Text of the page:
Could bill barring police involvement in indictments save Netanyahu?

Critics say controversial ‘Recommendations Bill’ that got initial approval is meant to shield Netanyahu, who is under police investigation. Fast track in Knesset could pass new law within days.  

By: World Israel News Staff

The Knesset on Monday approved the first reading of a contentious bill that would bar police from making a recommendation to the Attorney-General’s Office as to whether to indict a suspect.

The first reading of the legislation, known as the ”Recommendations Bill,” passed by a 46 to 37 vote.

The bill also deals with prosecuting those who leak details of investigations to the press. It states that no police recommendations on any case may be made public, and leakers could face a year in prison.

The bill will be returned to the Knesset Internal Affairs Committee, where it will be prepared for its second and third readings.

Prior to the vote, Internal Affairs Committee Chairman Member of Knesset (MK) David Amsalem, a member of Netanyahu’s Likud faction who proposed the draft law, told the Knesset Plenum it was meant to protect some 14,000 Israelis who are investigated by police each year, but against whom no charges are ultimately brought by the prosecution.

“I’m coming from the perspective of the leaks,” Amsalem said. “The goal of the law is to prevent the publication of negative recommendations, after which it becomes evident they were not justified and the cases are closed.”

‘The man’s entire life is ruined’

“Eighty percent of the cases in which the police decide to write a recommendation, saying there is an evidentiary basis [to press charges], are closed by the prosecution. What happens on the way? The man’s entire life is ruined because he’s already [considered] guilty,” Amsalem said.

Opponents to the bill criticized it as a measure to save Prime Minister Benjamin Netanyahu from public disgrace. Netanyahu is currently facing several corruption-related investigations.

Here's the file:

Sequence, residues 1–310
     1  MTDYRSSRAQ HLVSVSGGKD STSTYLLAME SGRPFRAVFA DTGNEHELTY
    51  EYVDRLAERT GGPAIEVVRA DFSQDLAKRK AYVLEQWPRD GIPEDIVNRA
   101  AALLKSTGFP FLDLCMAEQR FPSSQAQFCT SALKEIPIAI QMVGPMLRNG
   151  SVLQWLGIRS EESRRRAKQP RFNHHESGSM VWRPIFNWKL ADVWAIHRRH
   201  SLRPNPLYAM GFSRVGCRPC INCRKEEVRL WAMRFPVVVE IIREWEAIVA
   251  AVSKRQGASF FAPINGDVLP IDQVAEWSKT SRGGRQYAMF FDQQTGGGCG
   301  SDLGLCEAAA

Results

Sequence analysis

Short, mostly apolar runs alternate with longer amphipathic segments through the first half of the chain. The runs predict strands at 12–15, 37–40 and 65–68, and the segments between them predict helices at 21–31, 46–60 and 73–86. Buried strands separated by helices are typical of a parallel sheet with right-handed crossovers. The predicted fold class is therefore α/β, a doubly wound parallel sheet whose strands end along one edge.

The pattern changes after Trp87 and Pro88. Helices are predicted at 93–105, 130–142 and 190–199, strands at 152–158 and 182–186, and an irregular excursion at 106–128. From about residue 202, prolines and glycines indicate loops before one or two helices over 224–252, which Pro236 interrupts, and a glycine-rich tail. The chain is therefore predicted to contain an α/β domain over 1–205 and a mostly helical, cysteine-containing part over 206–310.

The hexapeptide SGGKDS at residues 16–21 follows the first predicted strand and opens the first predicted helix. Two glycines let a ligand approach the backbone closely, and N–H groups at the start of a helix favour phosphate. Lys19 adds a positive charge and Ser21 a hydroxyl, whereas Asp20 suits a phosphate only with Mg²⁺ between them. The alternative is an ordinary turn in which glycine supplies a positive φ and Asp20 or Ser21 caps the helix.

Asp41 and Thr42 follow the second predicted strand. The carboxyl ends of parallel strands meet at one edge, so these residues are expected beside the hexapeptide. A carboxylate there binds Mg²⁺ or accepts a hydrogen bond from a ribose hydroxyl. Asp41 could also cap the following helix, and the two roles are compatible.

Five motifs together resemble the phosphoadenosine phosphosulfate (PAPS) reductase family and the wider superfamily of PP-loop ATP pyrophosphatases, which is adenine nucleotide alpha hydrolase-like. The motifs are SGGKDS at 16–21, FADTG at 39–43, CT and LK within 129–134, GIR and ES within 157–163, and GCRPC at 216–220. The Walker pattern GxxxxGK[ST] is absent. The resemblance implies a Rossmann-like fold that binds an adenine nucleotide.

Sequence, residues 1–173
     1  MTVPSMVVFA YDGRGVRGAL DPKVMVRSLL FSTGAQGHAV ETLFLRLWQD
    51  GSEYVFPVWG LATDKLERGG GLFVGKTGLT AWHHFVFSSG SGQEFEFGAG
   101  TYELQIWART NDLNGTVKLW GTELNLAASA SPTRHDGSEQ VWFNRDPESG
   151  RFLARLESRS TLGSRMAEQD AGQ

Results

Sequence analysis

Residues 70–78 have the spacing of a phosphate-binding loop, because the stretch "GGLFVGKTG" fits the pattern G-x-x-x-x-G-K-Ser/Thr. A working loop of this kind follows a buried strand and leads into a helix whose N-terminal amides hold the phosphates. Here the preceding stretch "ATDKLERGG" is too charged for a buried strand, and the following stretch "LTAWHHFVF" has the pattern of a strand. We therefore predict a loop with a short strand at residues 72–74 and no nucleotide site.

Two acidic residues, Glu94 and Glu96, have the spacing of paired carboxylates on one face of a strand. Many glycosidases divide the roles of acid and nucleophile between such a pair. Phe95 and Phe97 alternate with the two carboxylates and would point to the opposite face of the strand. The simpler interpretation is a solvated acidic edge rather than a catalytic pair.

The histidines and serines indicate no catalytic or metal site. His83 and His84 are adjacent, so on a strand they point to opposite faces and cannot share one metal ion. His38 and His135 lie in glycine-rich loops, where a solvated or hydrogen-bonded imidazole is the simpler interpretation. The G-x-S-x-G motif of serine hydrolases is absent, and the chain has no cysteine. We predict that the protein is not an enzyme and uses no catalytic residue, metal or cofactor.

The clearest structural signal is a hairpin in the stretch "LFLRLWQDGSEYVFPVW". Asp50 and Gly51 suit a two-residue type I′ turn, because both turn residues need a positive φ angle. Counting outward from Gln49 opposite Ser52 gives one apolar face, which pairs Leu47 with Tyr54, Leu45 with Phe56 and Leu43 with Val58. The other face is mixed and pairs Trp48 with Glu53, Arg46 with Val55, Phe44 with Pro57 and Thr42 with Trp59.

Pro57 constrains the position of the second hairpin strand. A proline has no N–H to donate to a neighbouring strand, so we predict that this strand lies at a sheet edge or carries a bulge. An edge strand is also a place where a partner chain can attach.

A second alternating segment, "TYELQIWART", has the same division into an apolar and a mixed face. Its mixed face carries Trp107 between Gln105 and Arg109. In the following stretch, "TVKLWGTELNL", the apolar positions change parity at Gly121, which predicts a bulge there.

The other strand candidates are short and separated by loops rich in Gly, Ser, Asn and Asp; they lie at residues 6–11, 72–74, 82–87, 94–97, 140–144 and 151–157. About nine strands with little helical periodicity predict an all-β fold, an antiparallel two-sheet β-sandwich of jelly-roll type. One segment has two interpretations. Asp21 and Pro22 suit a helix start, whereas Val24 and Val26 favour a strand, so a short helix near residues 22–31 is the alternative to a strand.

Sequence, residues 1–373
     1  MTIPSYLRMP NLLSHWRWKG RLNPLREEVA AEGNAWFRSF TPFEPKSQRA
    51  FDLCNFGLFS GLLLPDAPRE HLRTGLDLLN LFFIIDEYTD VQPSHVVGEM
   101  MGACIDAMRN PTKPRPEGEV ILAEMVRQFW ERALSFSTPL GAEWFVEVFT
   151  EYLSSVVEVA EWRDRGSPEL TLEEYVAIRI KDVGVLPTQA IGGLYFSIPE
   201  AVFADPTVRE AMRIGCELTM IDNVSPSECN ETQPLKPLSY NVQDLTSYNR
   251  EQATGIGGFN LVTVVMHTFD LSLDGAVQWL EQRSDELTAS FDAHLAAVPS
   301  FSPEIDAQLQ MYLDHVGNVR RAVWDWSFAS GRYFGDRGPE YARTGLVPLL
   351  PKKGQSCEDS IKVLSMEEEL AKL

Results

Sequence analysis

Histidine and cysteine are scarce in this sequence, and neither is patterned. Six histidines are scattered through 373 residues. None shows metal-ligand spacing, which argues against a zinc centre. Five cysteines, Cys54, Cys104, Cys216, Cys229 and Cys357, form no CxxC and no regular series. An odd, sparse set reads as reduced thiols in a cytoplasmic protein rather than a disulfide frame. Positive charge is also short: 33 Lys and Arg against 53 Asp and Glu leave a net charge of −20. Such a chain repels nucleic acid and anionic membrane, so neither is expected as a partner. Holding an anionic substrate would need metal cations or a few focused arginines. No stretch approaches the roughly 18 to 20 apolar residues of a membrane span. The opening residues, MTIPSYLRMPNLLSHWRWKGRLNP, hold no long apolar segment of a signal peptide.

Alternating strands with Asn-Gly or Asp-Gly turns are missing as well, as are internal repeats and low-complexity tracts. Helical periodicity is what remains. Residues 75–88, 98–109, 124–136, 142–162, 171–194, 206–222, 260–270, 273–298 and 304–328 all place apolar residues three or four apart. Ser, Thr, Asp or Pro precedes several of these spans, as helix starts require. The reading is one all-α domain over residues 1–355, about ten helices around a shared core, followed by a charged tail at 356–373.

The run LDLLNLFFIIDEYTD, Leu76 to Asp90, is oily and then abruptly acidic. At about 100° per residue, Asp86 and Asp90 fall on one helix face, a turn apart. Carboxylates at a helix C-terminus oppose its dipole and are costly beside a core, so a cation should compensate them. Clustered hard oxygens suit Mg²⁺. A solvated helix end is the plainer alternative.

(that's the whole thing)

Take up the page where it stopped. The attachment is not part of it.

MK Micky Rosenthal (Zionist Camp) criticized the bill and said that ”99 percent of the police recommendations are not made public because they are of no interest to anyone. But now the suspects themselves will not be able to receive the material the prosecution receives from the police. This law is a disgrace, all you want is to separate the public from the elected officials.”

Yesh Atid chairman MK Yair Lapid slammed the legislation as well. ”There’s a limit to how much people can stand here and lie…. You’re kidding that this isn’t a personal law… This is a law that concerns only a few dozen cases but is actually intended for one person,” he charged.

“This is a personal law that has nothing to do with the good of the general public. The prime minister’s chief of staff sat with them and put together the law so that it would exactly fit the prime minister, because he is scared to death that the Israeli public will find out what the recommendations are,” he added.

‘This law will be stopped’

”If the Recommendations Law passes, Yesh Atid will appeal to the Supreme Court against it,” Lapid asserted. “This law will be stopped, either in this building or in the building across the street.”

MK Tamar Zandberg (Meretz) said “this is a corrupt bill to protect a corrupt prime minister” and criticized the Kulanu parliamentary group for supporting the legislation. “When people will ask one day how a crazy coalition dragged everyone to shameful laws, you will have to ask yourselves where you were,” she told Kulanu lawmakers.

MK Yehuda Glick (Likud) expressed support for the bill, telling the opposition, “I am not ashamed of criticizing the prime minister when it’s necessary, but just as you criticize the law, you should be open to criticism of yourselves. What is this? What happened to innocent until proven guilty?”

Coalition chairman MK David Bitan (Likud) said at the conclusion of the debate: ”I heard the word corruption 1,000 times and that the prime minister is corrupt. That’s exactly the point, you are not interested in the results of the investigation. For you the very fact that there is an investigation means he is guilty. You do not care what the truth is. You want to discredit and change public opinion, and this law is needed just for that. You are taking advantage of an investigation that has nothing in it other than to dismiss a prime minister, and that is a kind of corruption.”